Tuesday, March 31, 2015

Kunal Singh: On Shiva and Yoga

Regarding Shiva and Rudra, the Rudras within the Bhradranyak are treated as
organs of the human body and Daksha when he defies Shiva during his yagna
says in the Puranic lore that his own philosophic system has Rudras.  So the
concept of Rudra may have been represented in several schools of thought
differently.  At one time it may have been mapped to one deity and at
another time to another deity, the concept can continue to exist.  The Vedas
don't mention many deities by name but that doesn't mean that they didn't
exist.  For example Viswamitra has verses attributed to him in the Vedas,
and by his time the asura Bali had been defeated, but we find no mention of
it in the Vedas.  Viswamitra himself was said to have slaughtered many
deities and was given his first role as a priest by the Shaivite deity of
Kartikeya.  So at least by Viswamitra's time it can be ascertained that the
Shaivite deities did exist.  Interestingly this was the time period of kings
like Viswamitra, Janaka, Ashtavakra, Dattatreya.  The last three are
directly associated with the philosophy of yoga. 
Kartikeya was actually the first son of Shiva and Shakti born to lead the
war against the Asuras.  In general, there seems to be a trend leading to
Shiva becoming the Brahman.  First there are a lot of Asuras who are the
devotees of Shiva fighting Indra.  Then the Asuras grow in strength, defeat
Indra and take on Vishnu the higher level deity.  Vishnu is eventually
defeated but restored later.  Then Shiva eventually takes on both Vishnu and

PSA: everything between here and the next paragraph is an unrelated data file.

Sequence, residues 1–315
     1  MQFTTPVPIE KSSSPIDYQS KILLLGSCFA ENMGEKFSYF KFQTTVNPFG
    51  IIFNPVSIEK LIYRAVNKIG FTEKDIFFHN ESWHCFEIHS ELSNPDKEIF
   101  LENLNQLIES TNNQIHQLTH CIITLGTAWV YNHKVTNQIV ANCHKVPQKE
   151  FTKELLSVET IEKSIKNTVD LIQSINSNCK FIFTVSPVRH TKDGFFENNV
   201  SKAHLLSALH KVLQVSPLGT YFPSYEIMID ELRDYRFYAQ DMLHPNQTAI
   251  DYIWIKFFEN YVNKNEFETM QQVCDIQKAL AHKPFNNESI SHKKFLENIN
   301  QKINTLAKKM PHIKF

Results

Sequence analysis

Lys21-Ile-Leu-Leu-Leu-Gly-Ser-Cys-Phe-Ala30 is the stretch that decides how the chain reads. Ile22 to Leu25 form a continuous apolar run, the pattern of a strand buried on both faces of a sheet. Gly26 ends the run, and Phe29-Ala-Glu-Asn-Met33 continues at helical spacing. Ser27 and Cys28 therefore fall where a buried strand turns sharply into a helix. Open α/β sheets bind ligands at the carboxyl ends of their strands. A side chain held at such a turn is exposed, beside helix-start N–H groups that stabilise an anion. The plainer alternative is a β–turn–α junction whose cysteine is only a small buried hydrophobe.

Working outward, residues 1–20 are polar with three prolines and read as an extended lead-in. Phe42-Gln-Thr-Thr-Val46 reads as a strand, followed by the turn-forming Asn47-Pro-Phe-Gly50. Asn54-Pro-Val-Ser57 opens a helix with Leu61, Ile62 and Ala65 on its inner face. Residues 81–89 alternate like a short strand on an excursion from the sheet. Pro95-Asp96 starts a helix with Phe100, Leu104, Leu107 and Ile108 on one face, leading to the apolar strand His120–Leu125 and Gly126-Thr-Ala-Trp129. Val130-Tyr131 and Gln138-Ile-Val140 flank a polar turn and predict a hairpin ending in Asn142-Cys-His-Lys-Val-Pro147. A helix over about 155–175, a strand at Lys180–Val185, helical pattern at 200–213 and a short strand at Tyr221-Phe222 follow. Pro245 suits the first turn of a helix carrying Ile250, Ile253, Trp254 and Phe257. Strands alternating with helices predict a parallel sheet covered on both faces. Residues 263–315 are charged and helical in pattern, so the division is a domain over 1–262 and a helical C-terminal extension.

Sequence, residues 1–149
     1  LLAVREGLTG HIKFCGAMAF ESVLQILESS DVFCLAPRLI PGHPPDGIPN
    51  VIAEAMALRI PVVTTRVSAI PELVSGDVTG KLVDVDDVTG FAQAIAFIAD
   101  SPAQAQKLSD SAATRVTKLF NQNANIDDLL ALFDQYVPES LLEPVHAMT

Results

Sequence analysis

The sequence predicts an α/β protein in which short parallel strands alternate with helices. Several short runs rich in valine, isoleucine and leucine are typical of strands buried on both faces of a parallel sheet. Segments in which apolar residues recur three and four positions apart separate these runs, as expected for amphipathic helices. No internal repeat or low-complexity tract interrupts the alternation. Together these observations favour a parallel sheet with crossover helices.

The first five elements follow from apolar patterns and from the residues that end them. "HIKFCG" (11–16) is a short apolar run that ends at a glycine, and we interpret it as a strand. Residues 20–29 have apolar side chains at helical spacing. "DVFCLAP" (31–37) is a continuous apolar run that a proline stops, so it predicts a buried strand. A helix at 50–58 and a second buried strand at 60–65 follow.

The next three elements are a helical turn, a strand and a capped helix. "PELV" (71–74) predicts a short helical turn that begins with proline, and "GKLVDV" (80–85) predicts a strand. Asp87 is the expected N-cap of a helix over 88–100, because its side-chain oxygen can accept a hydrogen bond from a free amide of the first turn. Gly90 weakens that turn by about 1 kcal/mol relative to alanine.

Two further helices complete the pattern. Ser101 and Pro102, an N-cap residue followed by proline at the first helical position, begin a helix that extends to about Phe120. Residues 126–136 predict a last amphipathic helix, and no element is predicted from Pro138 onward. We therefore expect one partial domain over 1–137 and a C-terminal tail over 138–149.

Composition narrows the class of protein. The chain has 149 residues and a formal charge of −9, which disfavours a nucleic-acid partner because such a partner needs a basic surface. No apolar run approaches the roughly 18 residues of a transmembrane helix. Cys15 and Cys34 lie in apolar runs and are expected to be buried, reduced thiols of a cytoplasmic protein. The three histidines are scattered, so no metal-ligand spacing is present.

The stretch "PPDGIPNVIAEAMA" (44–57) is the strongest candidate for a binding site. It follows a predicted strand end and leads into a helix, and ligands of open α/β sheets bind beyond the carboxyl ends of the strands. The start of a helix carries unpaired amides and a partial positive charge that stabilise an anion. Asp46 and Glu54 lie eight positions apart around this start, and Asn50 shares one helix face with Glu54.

Brahma and defeats them.  Then interestingly, there start quite a few fights
between the Shakti groups and Shiva.
But throughout all this Shiva is not actively seen as favoring the Asuras or
the Devas.  He is seen as impartial to both, as Shiva was known not to
favour the "spiritualists" against the "non-spiritualists!"  So Shiva was
respected both by the accepted Devas and the challenging Asuras.  The Devas
are strict followers of all accepted rules and the Asuras are eager to break
the rules.  It seems like a typical case of religious transformation with
many Kshatriyas joining in because the Brahmins had started developing all
kinds of religious rules forbidding the eating of cows and frowning upon
meat in general, in short threatening their way of life.  Viswamitra started
a rebellion because Vasishta wouldn't give him his cow.
  Shaivite practice being a common feature of the north has less to do with the "northern
people vs the southern people" and more to do with the Himalayas.  Even yogis from
Tamilnadu come to the Himalayas, for obvious reasons, the mountains are higher and for
certain yogic practices, the mountain climate is extremely helpful. Thus it would be natural for some of the yogic practices to rub off in the northern
regions, due to contact with the yogis in the region from all parts of Bharat.  And
going by Shaivite legends, Shiva moved from his home in Kailasa in the Himalayas to
Kasi and made it his new home.  It almost seems that mount Kailasa was formerly the
gathering ground for the yogis and given its suspected location, it would be rather